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Double Stars for Small Telescopes
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for Small Telescopes
by Sissy Haas
c. 2006 Sky Publishing Corp.
173 pages, msrp: $29.95 (softbound)
One class of target which often seems to be slighted by amateur astronomers is double stars. While perhaps not quite as spectacular as some deep-sky objects which amateurs love to hunt for, double stars offer much even for users of modest telescopes when moon light or light pollution sends many DSOs into hiding. With this in mind, Sissy Haas has put together a book containing over 2,100 double star targets which may be worth going after in moderate to small apertures. With, DOUBLE STARS FOR SMALL TELESCOPES (DSFST), Haas has essentially created a "workbook" for amateurs who want to see just what doubles are up there for the taking.
The book is basically divided into two main sections: a simple brief introduction to double star observing, and a large catalog containing the data on each double grouped by constellation. DSFST mainly emphasizes the *fun* of tracking down and viewing these interesting objects, so it is more aimed at the average star gazer rather than at someone who is doing the measurement and study of doubles. Haas's book is not overburdened by an extended history of double star observing or early observers, although it does mention a little of that in the part on double star nomenclature. In the introduction section, Haas briefly covers things like star brightness scales, temperature, luminosity, and color, along with defining the types of double stars. There is one small error on page 2, stating, "Sometimes each star appears surrounded by a beautiful ring of light (an Airy disk)". This isn't quite right, as the Airy disk is really just the central spot of light which is surrounded by the first bright diffraction ring and any other rings which may be visible in the diffraction pattern. However, this may be a case, where the term "Airy disk" may have been misplaced in the text during editing. Haas supplies some estimates on what it takes to resolve or separate doubles of a certain separation plus a few observing hints along with tips on recording the observations. In addition, four large-scale star maps are provided which highlight 15 "Showcase" doubles which the beginner might want to try first. In general, this introductory section might have been just a little better if it had been a bit longer and more in-depth to serve some of the needs of the rank beginner. However, the slight weakness in coverage on some topics closely related to double star observation doesn't really harm the book all that much.
The second section is the "CATALOG OF DOUBLE STARS", and here is the real "meat" of the book. Doubles are grouped in tabular fashion by constellation (alphabetical order) and then listed within the constellation by right ascension. This can sometimes make it a little easier for the average observer to decide what to look at, rather than having to slog through a single massive list based on right ascension alone. Full data is provided including rough coordinates (to the nearest arc minute), designation, magnitudes, separation, position angle (with the year for the data) and spectral types (if known). Along side this data is a brief comments column which covers things like reported colors or brief comments by Haas or even some of the more famous double star observers. As most double star observers know, color estimates can vary all over the place, but generally, there is enough in the comments to know when a double will probably show some color contrast. The overall large-scale tabular format of the DSFST listings along with the lines and boxes used to separate the entries makes it fairly easy to look up doubles and read the data even under somewhat dim light.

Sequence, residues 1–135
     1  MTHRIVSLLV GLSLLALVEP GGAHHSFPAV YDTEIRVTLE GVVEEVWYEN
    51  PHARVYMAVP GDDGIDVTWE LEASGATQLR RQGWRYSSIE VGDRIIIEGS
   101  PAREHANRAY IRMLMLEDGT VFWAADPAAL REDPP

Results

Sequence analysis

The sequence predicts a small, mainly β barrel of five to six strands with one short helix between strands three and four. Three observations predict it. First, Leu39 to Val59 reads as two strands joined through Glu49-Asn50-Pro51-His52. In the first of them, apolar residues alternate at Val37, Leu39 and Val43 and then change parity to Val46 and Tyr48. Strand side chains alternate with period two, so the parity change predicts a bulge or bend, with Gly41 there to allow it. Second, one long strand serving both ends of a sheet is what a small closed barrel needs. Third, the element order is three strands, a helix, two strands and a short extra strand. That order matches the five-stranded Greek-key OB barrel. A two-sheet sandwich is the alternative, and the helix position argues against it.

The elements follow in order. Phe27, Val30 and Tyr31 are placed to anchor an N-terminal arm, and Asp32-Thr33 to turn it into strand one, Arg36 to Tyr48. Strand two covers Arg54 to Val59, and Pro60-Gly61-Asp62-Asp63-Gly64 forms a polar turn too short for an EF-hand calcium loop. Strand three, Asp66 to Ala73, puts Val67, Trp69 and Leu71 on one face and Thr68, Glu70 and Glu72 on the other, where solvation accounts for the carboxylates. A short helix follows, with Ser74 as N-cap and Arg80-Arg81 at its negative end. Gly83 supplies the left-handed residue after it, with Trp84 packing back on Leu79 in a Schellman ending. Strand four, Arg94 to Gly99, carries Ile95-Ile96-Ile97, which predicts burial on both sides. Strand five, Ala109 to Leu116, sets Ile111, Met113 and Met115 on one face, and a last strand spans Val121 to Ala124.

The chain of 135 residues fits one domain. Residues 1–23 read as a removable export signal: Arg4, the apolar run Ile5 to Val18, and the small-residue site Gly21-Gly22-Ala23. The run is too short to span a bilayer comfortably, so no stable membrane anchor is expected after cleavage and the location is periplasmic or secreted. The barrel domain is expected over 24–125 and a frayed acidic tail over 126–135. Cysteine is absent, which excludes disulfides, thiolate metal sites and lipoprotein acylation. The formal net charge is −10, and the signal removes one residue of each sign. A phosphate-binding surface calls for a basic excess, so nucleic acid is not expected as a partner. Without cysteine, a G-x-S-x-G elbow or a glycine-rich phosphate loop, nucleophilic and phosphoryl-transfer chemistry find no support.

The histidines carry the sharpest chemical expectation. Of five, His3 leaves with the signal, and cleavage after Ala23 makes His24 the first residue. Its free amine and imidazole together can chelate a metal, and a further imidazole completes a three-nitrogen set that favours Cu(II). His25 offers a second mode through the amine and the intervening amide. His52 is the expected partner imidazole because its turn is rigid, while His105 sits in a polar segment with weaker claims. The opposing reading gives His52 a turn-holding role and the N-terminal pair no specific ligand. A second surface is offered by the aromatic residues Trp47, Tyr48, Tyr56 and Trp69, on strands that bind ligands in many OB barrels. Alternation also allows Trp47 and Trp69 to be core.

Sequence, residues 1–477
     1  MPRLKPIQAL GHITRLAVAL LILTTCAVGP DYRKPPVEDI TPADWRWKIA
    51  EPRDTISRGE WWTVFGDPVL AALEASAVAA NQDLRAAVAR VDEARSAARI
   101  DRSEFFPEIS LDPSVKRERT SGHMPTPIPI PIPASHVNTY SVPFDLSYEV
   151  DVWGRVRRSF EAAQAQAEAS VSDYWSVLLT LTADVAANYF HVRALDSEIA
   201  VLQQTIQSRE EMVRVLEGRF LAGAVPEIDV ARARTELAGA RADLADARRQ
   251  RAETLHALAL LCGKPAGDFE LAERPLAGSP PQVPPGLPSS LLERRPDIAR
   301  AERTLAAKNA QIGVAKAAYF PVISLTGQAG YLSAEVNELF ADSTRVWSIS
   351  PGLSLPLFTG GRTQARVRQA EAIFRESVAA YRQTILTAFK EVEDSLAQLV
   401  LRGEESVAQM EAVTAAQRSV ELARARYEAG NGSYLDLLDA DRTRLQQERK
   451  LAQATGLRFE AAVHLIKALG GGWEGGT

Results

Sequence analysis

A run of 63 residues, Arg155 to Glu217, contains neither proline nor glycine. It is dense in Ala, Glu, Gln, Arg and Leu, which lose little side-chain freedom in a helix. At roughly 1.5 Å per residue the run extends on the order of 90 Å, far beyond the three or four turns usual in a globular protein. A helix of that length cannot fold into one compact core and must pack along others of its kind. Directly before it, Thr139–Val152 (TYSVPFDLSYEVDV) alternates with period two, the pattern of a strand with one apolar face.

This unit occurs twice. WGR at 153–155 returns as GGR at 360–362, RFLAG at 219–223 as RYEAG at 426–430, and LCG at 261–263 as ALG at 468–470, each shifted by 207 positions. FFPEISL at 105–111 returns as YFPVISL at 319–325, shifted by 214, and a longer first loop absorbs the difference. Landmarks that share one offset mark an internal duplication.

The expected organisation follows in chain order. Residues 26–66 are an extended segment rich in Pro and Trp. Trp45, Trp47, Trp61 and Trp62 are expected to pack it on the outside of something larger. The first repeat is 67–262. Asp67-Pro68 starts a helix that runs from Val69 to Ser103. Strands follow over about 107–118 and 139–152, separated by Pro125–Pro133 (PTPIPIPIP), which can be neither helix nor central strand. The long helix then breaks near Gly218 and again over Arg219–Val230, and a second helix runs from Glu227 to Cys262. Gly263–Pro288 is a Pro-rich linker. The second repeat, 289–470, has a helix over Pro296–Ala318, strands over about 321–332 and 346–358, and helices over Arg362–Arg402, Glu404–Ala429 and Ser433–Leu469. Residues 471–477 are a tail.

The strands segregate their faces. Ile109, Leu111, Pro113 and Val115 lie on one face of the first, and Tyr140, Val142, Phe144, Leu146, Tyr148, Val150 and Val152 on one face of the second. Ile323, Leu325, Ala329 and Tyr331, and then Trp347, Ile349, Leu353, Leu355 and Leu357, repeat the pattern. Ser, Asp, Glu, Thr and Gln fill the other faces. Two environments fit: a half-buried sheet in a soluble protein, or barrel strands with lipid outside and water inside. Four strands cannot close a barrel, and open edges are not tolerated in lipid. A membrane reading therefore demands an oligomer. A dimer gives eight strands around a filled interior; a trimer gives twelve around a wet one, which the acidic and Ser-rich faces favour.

The coverage of doubles in a given constellation tends to be fairly good, at least for those doubles which might offer something visually interesting to the casual observer. For example, DSFST has 2,101 doubles listed, which compares to only 525 in my old Double Star volume of the Webb Society Deep-sky Observer's Handbook, and 1,127 doubles listed in David Eicher's book DEEP-SKY OBSERVING WITH SMALL TELESCOPES. The number of doubles in DSFST is very close to that of The NIGHT SKY OBSERVER'S GUIDE (NSOG), although the number covered in each constellation tends to be somewhat different between the two publications. Indeed, I tend to use Haas's book much in the same way I use NSOG; as a list of potential targets which I might want to attempt each time I am out observing. The cover says "More than 2,100 Stellar Gems for Backyard Observers", and that not far from the truth. I have been having a lot of fun on moon-lit nights with my scope just with the book in front of me, trying for any double that may be really tight or might have a hint of color contrast. Using the book, I have run into a few real gems that I had never even heard of, such as the very faint "B" component of the colorful "triple" star Otto Struve 525 not far from the Ring Nebula. The book has even helped me rediscover other double stars that I had long ago forgotten about, so it has been well worth its modest cost. Despite the title of the book, a few of these doubles have occasionally proved a little challenging even to my NexStar 9.25 inch SCT, and with the sheer number of doubles covered, the book has given me a lot to work with.
I would like to have seen a few more tables like "The 10 most colorful doubles", or maybe "Test objects for various apertures", but not including this in the book may have been deliberate. Perhaps Haas has decided to let us do that 'work' ourselves (and thus have our own fun in the process). In any case, I can say that DOUBLE STARS FOR SMALL TELESCOPES is definitely worthy of inclusion in an amateur's 'field library'.